Cerebrospinal fluid was assessed in 8 of 13 (62%) patients in the perivenous demyelination cohort and 62 of 91 (68%) in the confluent demyelination cohort with results summarized in Table 3. The perivenous demyelination group had a higher median cerebrospinal fluid white blood cell count than the confluent demyelination group (median 19; range 1–540 mm3; interquartile range 3–43; P = 0.04). There was no difference in total protein or abnormal immunoglobulin G synthesis rate. Although the presence of supernumerary oligoclonal bands was not different between groups, a difference could not be excluded because of small sample sizes. The only patient having oligoclonal bands in the perivenous demyelination cohort also had confluent demyelination.

Presenting MRI correlates of perivenous demyelination

Brain magnetic resonance imaging abnormalities found in the perivenous demyelination cohort are summarized in Table 5 and representative examples illustrated in Fig. 4.

Table 5
magnetic resonance imaging correlates of perivenous demyelination
Figure 4
Magnetic resonance imaging correlates of perivenous demyelination. (A) Coronal fluid attenuated inversion recovery (FLAIR): multifocal large ill-defined supratentorial and brainstem lesions without enhancement; (B) axial T2: large ill-defined non-enhancing ...

T2 abnormalities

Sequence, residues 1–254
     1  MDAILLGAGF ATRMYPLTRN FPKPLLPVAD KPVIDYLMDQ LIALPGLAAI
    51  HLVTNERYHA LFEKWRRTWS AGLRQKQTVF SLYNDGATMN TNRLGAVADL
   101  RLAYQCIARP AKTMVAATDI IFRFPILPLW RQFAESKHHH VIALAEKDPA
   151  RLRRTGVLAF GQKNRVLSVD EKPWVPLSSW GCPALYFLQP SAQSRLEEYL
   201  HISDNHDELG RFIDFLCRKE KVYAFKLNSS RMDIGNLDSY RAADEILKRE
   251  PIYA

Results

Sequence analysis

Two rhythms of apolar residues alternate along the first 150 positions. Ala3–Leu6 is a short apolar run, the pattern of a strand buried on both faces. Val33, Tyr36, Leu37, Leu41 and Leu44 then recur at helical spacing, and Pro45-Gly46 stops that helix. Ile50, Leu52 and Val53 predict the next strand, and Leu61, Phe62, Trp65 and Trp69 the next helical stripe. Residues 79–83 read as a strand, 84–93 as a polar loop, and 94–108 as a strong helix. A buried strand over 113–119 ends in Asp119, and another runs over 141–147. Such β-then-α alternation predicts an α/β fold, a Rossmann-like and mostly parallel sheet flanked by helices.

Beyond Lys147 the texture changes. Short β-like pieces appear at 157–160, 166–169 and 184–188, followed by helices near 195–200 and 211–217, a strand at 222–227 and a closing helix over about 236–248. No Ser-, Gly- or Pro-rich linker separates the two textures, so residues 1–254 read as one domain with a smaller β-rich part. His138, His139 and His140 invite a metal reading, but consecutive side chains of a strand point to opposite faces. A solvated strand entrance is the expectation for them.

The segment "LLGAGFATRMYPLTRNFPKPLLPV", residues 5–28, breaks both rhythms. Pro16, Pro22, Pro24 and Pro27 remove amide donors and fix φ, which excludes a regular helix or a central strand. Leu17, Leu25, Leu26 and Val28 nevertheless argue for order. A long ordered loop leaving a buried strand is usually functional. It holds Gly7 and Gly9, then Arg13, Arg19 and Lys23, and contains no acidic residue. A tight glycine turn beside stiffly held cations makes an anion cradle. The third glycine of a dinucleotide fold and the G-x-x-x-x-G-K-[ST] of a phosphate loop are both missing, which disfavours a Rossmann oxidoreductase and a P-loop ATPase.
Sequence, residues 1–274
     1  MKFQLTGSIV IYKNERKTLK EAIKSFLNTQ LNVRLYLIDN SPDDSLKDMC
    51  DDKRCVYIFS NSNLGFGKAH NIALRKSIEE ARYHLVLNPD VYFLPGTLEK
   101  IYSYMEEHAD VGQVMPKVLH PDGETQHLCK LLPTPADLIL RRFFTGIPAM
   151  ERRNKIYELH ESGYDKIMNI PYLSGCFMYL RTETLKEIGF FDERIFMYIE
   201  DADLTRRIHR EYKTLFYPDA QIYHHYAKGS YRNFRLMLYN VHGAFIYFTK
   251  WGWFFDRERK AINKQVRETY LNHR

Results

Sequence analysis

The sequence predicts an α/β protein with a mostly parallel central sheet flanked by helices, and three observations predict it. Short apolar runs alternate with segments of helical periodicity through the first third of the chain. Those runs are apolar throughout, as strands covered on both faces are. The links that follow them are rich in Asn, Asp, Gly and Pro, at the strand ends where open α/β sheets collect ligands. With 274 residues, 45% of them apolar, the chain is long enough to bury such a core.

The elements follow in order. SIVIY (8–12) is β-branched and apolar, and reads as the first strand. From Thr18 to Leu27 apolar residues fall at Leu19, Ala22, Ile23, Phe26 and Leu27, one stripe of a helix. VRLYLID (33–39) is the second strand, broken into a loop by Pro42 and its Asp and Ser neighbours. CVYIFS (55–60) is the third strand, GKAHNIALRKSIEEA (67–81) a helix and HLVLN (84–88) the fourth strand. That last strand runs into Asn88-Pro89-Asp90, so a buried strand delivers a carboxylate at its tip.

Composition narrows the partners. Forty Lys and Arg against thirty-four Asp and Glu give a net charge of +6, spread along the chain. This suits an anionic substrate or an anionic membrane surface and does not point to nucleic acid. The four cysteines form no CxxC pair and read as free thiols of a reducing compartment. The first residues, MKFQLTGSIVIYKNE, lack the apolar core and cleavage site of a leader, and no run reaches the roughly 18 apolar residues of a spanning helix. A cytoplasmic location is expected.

Multifocal, bilateral (Fig. 4A) or unilateral (Fig. 4B), supratentorial T2 lesions involving the white matter (n = 10) predominated, but single supratentorial (n = 1; Fig. 4C) or brainstem (n = 1; Fig. 4D) lesions were observed. Lesions extended into the juxtacortical white matter in eight cases. Deep grey matter involvement was uncommon (n = 1; Fig. 4F). Two cases had multiple uni-hemispheric lesions (i.e. the contralateral hemisphere appeared normal). One patient had a normal brain magnetic resonance imaging at presentation but at 21 months, a repeat study revealed a single ill-defined non-enhancing supratentorial lesion. The T2 signal abnormalities were usually ill-defined (n = 7) and >1 cm (n = 8). However, well-defined, discrete lesions were observed in two patients, one of whom had a single well-defined ‘open ring’ (Masdeu et al., 2000) enhancing supratentorial mass lesion (4 cm) with surrounding vasogenic oedema (Case 8, Fig. 4C) and another had a brainstem lesion (Case 13, Fig. 4D) with a mixture of enhancement at the edge of demyelination and punctate enhancement centrally. Case 3 presented with innumerable small (<1 cm), ill-defined, non-enhancing lesions perpendicular to the corpus callosum (Fig. 4E) that increased in number over the subsequent weeks (Fig. 4F).